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INDIANAPOLIS – When the Jets
took a 14-10 lead over the Colts in last night’s AFC wild-card playoff game at Lucas Oil Stadium, it seemed Peyton Manning had them right where he wanted them.

Sure enough, the Rex Ryan-killing quarterback started hitting passes and moving the Colts ever closer to the Jets’ goal line for what figured to be a soul-crushing touchdown. But on third-and-7 at the Jets’ 15-yard line, a passing down if ever there was one, Manning . . . handed off?

The eyes did not deceive. Dominic Rhodes was dropped after a yard gain, and Adam Vinatieri’s field goal pulled the Colts within 14-13 with 4:37 left. But the Jets couldn’t run out the clock, giving the ball back to Manning with 2:36 left in regulation, and Manning drove them for the go-ahead field goal and a 16-14 lead with 53 seconds left.

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But that was just enough time left and not quite enough Colts points to prevent the Jets from winning, 17-16, on a 32-yard field goal by Nick Folk as time expired. In the end, the Jets won because they held Manning to 225 yards passing and forced him to check off to so many runs that the Colts had 27 rushing attempts to 27 passing attempts, including one sack. “One thing we did was make him check to plays he didn’t want to check to,” Darrelle Revis said. “We had a good key, and we knew the plays he would check to.”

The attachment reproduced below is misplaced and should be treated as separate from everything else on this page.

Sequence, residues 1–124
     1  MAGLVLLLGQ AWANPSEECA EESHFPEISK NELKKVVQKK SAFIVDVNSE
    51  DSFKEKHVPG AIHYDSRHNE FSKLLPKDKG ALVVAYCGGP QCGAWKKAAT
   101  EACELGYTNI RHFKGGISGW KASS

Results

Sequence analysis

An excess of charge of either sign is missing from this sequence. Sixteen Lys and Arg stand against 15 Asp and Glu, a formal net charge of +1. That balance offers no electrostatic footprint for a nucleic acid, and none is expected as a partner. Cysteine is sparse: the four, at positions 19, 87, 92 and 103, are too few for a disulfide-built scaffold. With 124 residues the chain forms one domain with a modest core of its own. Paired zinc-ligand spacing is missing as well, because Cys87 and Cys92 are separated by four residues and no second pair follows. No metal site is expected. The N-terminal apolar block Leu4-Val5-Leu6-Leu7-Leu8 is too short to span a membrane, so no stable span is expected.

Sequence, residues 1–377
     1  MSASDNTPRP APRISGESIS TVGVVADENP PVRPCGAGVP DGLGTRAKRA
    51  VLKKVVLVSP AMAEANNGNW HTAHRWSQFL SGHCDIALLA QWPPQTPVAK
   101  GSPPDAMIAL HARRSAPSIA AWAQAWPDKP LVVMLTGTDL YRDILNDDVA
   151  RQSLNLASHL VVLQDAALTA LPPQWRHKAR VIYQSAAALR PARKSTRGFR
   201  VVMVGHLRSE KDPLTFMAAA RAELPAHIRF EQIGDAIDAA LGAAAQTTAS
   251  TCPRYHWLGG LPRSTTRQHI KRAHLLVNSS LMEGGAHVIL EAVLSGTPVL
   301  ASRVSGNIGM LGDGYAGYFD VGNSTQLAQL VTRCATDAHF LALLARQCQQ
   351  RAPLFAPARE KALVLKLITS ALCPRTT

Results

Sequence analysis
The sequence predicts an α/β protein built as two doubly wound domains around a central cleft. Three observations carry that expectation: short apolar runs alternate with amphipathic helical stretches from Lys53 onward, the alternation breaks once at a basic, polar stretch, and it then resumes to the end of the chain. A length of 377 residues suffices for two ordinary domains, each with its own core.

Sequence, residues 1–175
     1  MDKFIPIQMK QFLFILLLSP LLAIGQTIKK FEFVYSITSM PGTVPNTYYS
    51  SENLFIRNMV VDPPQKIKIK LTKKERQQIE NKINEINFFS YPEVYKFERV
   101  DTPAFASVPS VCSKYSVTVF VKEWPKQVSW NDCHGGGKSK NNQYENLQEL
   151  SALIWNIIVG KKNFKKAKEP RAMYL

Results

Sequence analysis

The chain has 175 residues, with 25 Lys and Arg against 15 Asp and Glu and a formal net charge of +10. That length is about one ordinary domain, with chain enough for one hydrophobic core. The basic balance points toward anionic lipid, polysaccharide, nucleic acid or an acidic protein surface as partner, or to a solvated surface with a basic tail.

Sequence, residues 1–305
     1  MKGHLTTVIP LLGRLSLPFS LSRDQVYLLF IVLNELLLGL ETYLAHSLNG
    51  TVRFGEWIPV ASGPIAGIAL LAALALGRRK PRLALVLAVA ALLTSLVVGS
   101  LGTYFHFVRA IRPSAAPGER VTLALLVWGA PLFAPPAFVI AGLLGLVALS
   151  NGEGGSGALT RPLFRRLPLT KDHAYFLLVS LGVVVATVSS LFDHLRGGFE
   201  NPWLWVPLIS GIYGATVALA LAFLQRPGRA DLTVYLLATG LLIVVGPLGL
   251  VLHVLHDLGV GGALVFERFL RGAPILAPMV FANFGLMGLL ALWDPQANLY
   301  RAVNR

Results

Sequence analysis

Compared to last year’s AFC Championship Game, the Jets did a much better job against Manning and his high-powered passing attack. For the most part, the Jets played nickel coverage as their base defense on first down, with Drew Coleman as the nickel back shadowing slot receiver Blair White. Pro Bowl corner Revis locked on to wide receiver Reggie Wayne, and Antonio Cromartie was assigned to Pierre Garçon on the opposite side. Dwight Lowery started at safety but quickly was replaced by Eric Smith, who kept his eye on tight end Jacob Tamme at all times.

Amazingly enough after the way he shredded the Jets’ secondary last year, Manning went three-and-out on the first three Colts possessions, failing to pick up a first down on third-and-1 all three times. Manning actually used the running game to set up the play-action fake that opened up a 57-yard touchdown pass to Garçon for a 7-0 halftime lead. Cromartie and Pool bit on a play-action fake, freeing Garçon. But for the most part, the Jets kept the ball in front of them.

Linebacker Bart Scott said the Jets went with a light box, meaning they had no more than one or two linebackers in the middle inviting the run. “I said the one thing Manning does as well as Painter is hand the ball off,” Scott said with a laugh.

The Jets marveled at how Manning knew everything they were going to do on defense a year ago, but this time they were up to the chess match. “He started checking to runs, and that’s what we were trying to do,” Cromartie said. “We tried to play mind games with him. I thought we won the chess match.”

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